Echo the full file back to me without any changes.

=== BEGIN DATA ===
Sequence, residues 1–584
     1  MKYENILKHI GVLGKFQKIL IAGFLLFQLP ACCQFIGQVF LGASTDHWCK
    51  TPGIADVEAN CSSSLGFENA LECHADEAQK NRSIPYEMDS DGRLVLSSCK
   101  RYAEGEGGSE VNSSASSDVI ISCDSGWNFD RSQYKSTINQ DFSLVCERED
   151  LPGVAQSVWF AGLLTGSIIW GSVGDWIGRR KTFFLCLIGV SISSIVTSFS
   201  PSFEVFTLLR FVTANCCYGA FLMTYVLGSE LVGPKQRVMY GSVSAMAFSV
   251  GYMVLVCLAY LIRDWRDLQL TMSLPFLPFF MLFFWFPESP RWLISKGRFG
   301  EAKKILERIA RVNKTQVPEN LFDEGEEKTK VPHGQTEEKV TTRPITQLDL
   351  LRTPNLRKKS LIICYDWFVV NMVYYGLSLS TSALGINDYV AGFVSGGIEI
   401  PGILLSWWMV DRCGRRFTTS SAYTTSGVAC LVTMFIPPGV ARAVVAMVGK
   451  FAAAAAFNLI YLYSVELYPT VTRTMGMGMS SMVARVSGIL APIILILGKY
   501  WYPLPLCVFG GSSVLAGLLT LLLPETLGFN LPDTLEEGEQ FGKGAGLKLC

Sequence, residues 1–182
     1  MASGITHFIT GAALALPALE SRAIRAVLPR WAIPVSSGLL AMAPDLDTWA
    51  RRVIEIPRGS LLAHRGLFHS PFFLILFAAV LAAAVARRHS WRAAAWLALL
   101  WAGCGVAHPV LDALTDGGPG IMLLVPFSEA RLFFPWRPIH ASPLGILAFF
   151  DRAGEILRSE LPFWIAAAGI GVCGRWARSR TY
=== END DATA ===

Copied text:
Sequence, residues 1–584
     1  MKYENILKHI GVLGKFQKIL IAGFLLFQLP ACCQFIGQVF LGASTDHWCK
    51  TPGIADVEAN CSSSLGFENA LECHADEAQK NRSIPYEMDS DGRLVLSSCK
   101  RYAEGEGGSE VNSSASSDVI ISCDSGWNFD RSQYKSTINQ DFSLVCERED
   151  LPGVAQSVWF AGLLTGSIIW GSVGDWIGRR KTFFLCLIGV SISSIVTSFS
   201  PSFEVFTLLR FVTANCCYGA FLMTYVLGSE LVGPKQRVMY GSVSAMAFSV
   251  GYMVLVCLAY LIRDWRDLQL TMSLPFLPFF MLFFWFPESP RWLISKGRFG
   301  EAKKILERIA RVNKTQVPEN LFDEGEEKTK VPHGQTEEKV TTRPITQLDL
   351  LRTPNLRKKS LIICYDWFVV NMVYYGLSLS TSALGINDYV AGFVSGGIEI
   401  PGILLSWWMV DRCGRRFTTS SAYTTSGVAC LVTMFIPPGV ARAVVAMVGK
   451  FAAAAAFNLI YLYSVELYPT VTRTMGMGMS SMVARVSGIL APIILILGKY
   501  WYPLPLCVFG GSSVLAGLLT LLLPETLGFN LPDTLEEGEQ FGKGAGLKLC

Sequence, residues 1–182
     1  MASGITHFIT GAALALPALE SRAIRAVLPR WAIPVSSGLL AMAPDLDTWA
    51  RRVIEIPRGS LLAHRGLFHS PFFLILFAAV LAAAVARRHS WRAAAWLALL
   101  WAGCGVAHPV LDALTDGGPG IMLLVPFSEA RLFFPWRPIH ASPLGILAFF
   151  DRAGEILRSE LPFWIAAAGI GVCGRWARSR TY